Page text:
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Suburban Foreclosure Wave Threatens Economic Recovery

This article is more than 9 years old.

Jon Davis handles 10 percent of the state’s foreclosure auctions. The Marshfield lawyer has been watching these auctions migrate from places such as Dorchester and Lowell.

“Now you’ll see them in the Sudburys, the Hinghams and the Westons,” Davis said, “where you wouldn’t have in the past expected to see foreclosures.”

The reason for these auctions is not the crazy interest-rate mortgages. It’s the recession. Nowadays, people are losing their homes the way they used to before the sub-prime crisis.

Snapshot Of A Suburban Foreclosure
7 Beechwood Ave., Sudbury, Mass.

(Curt Nickisch/WBUR)
(Curt Nickisch/WBUR)

The facts:

  • Single-family colonial house
  • 1,770 square feet
  • 3 bedroom, 1.5 bathroom
  • Built in 1995

The figures:

  • Purchased: $410,000 in Nov. 2003
  • Assessed value: $420,800
  • Foreclosed: Oct. 1, 2009
  • Sale price at foreclosure auction: 1 bid at opening price of $365,000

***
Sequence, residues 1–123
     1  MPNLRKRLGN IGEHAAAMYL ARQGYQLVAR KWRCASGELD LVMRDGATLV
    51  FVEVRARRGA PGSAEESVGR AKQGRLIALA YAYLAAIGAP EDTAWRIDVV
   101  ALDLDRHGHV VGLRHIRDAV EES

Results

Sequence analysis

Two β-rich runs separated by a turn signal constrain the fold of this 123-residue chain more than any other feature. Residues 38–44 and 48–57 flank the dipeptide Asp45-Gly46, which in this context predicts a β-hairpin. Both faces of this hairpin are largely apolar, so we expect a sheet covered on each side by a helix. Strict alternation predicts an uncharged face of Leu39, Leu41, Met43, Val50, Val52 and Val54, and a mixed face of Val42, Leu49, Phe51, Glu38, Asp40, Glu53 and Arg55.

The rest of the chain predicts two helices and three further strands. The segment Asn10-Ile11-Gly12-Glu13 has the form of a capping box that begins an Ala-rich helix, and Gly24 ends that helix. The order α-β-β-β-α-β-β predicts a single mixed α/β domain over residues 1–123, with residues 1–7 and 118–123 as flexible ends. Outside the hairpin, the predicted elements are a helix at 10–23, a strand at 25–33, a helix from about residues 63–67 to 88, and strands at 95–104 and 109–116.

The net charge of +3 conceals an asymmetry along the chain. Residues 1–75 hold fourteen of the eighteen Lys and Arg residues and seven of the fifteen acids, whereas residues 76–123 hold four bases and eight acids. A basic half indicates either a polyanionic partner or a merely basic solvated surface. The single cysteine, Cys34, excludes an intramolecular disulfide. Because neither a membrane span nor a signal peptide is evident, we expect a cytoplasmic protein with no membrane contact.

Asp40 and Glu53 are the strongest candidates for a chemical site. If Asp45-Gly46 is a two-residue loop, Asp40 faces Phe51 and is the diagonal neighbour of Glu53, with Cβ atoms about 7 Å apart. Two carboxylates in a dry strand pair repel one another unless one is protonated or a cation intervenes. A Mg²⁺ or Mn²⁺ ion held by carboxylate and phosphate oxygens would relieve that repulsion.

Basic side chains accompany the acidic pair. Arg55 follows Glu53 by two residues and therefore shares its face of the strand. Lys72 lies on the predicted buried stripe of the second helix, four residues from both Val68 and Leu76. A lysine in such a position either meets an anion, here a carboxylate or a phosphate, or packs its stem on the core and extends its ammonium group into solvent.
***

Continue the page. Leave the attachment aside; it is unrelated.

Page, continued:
“Historically, people lost their home when they lost their job, they lost their health or they lost their spouse,” said Nick Retsinas, a housing market economist at Harvard University.

Unemployment is to blame again today. The number of foreclosure proceedings in Massachusetts has jumped an alarming 150 percent.

In fact, people under foreclosure I talked to in Sudbury didn’t want to be interviewed for this story. They said they’re ashamed — to have lost their jobs; to have run out of savings; to not be able to make their payments.

Whitney Tilson, a Harvard Business School grad and money manager, said, “the number of distressed homes coming through the pipeline has actually never been greater than right now.”

Tilson said Sudbury is a good example of what this coming wave could do to the market. Only seven homes above $1,000,000 have sold in the town this year. Last year it was 43, and that was a bad year.

“The listed prices appear to show that prices are holding up, but that’s phony,” Tilson said. “So what breaks the logjam? The wave of foreclosures working their way through the pipeline.”

Foreclosed properties priced to sell will push housing prices down and push more homeowners under water and into foreclosure. And that could really hurt regional banks.

This program aired on October 14, 2009. The audio for this program is not available.

Curt Nickisch Twitter Business & Technology Reporter
Curt Nickisch was formerly WBUR's business and technology reporter.

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